Later that evening we have one more Greek dinner together, with Brittany, Pan, and Dimitris family. After a long goodbye and good night, I take a walk to Vintage Wine Bar & Bistro. It’s past midnight, but I’m happy to see Panos and Iza are still open. Panos pours me a 2004 wine from Northern Greece, a rare treat to try a 14-year-old wine. It’s dark, brooding and layered. Wonderful.

The last supper for me with the newlyweds and their friends.

Panos and Iza—the lovely couple that own the Vintage Wine Bary & Bistro in Athens

They close shop and I wander back to my hotel. Tomorrow, I ride to Lefkada. It will be a long ride, a good portion of it once again on the national road.

Kardymili to Athens details
Miles traveled: 170
Travel time: 3 hrs 31 minutes
Fuel Economy: 14.8 kilometers per liter
Fuel cost: 1.90€ /liter (95 octane)

Signs of August: The Greek Holiday Begins

The sign tells all. This popular taverna in Kardamyli shuts down for the entire month of August. The Greeks are hitting the road and the skies. I’m told most Greeks escape Greece or take in their own country during the month of August.

It’s probably time for me to head north. But there’s still some business left and new places in this great country to explore. I travel with “No Itinerary” — so let’s see where the road takes us!

The Mani Road to Kardymili

The southern Mani is rugged, desolate, and harsh. Yet it has a beauty and tons of hidden beaches. Roads hug the cliffs, don’t look down.

I’d like to stay more days at the bottom of Greece here in Porto Kagio, but the road calls me and it’s time to explore the north. I bid the owners farewell, but before I suit up, the owner helps me repair the 7€ hat I bought in Napflio—the glue holding the black hand that circles the hat failed. So my host finds a safety pin and gives new life to my hat.

The ride is as good today as it was yesterday. Winding around this craggy cliffs at dizzying heights, I find myself pulling over more times today trying to capture this landscape through the lens of my camera.

Instead of wandering the caves of Diros, these young kids take turns at cliff jumping!

The caves at Diros are impressive, but I missed the boat.

I’m headed to Kalamata but stop in Pyrgos to explore the Diro caves, however, the boats that take travelers into the caves are fully booked for today. Instead, I purchase a cheaper ticket that allows me to walk through some of the caves.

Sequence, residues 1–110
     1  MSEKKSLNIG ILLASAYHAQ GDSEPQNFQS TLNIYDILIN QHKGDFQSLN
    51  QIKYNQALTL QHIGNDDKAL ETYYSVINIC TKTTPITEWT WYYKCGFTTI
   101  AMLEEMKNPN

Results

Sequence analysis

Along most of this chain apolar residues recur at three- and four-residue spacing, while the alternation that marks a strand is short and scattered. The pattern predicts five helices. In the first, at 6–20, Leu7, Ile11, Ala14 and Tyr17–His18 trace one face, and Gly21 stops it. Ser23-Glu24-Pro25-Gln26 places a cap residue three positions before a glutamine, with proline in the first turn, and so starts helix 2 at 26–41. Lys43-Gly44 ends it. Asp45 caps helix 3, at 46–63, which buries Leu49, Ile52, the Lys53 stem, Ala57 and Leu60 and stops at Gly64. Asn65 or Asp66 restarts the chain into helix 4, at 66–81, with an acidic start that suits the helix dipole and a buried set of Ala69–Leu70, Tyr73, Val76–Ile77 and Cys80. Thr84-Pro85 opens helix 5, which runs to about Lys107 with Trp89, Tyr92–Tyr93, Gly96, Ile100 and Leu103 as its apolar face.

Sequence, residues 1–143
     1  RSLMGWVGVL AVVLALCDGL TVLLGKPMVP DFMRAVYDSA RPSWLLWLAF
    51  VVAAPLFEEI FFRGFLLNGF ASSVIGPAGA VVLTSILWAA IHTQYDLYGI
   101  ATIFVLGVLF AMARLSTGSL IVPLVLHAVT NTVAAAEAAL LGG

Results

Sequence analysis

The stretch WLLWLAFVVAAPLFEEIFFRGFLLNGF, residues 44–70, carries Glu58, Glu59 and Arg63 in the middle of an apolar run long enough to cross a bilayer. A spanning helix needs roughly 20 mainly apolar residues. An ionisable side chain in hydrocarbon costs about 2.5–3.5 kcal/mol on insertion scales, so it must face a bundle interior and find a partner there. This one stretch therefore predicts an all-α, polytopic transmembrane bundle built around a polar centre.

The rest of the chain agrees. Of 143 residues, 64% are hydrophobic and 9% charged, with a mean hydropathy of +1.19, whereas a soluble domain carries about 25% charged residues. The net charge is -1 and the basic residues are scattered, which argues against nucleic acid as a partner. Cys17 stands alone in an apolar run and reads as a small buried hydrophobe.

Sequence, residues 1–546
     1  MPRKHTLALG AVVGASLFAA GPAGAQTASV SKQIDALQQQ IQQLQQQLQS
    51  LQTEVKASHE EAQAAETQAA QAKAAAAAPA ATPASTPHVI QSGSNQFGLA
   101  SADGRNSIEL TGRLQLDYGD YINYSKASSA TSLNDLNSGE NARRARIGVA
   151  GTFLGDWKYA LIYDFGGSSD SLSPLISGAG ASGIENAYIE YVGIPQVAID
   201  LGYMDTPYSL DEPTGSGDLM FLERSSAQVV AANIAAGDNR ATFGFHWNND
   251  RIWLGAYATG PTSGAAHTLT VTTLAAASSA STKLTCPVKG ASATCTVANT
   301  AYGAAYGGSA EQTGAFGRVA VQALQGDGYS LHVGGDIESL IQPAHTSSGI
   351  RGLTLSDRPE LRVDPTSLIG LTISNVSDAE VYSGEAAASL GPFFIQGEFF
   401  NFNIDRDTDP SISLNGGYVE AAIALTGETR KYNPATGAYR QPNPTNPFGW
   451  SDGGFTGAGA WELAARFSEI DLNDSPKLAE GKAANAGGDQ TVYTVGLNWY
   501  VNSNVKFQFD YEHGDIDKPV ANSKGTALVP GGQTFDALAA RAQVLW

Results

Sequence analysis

Making stops while riding always presents a few considerations and complications. Any time I must leave my bike when it’s fully loaded, I must consider security. Petty theft happens anywhere. The key is to remove the temptation—incentive. If a potential thief does not want what he or she cannot see. In this case, I ask the ticket seller if he would keep an eye on my bike. He agrees, but when people crowd around his window, they block his view. So I pull out my motorcycle cover. 

Roadside photo app with Doc. When I stop, I like to unload the bike and from there go by foot

The other consideration is comfort. A motorcycle riding jacket, pants, and boots are not designed for hiking, especially in this heat. So take off my boots and put on comfier shoes, and stash the boots with my jacket on my seat under the cover. This part of Greece is very remote, not widely touristed and I feel comfortable and not worried. I probably would not do this in a city or larger tourist attraction. That’s why I always prefer to stay near areas I wish to explore and have my things securely in a room so I can explore on foot, or nearby by bike without my full load.

The caves, the part I can see, are spectacular. I miss the subterranean river that stretches for 1.6km, but the roughly 350m walk gives me a taste of what I could have seen. Massive formations of stalagmites and stalactites.

I learn that the small Mani town of Aeropolis is the home of Greek Independence, so I stop to wander the town square and the statue of Petros Mavromichalis who on the 17th of May in 1821 with a ragtag band of rebels marched to Kalamata, defeating the Ottomans and launching the Greek War for Independence.

Aeropolis in the Mani gave birth to the Greek revolution when this guy, Petros Mavromichalis, defied the Turks and took Kalamata from them in 1821

As I travel up the western side of the Mani, the road cuts down to the coast passing several small towns and beaches and then climbs again offering panoramic views of the sea and rugged coastline.

Soon the sky darkens, rain threatens and in a few moments raindrops bead my face shield. I roll through the seaside hamlet of Kardamyli and decide to stay here rather than go onto the bigger city of Kalamata.

Kardamyli is quaint, a small main road is lined with a handful of shops and boutiques, including Psaltiras wine bar and olive oil shop. It’s here I meet the owner Nikos and his wife Katarina and continue my Greek wine education—and a primer on olive oil. Over good wine and cheese, I sit down with Nikos for a quick chat that will be featured in an upcoming WorldRider podcast.

Three bars and restaurants hug the Kardymili cliffs and offer great views with tasty treats and libations. This place is a perfect stop where I think I can finally catch up on some work, and make new friends — of the feline kind, this time.

Chilling at Psaltiras wine bar and olive oil shop

Why can’t I take her with me?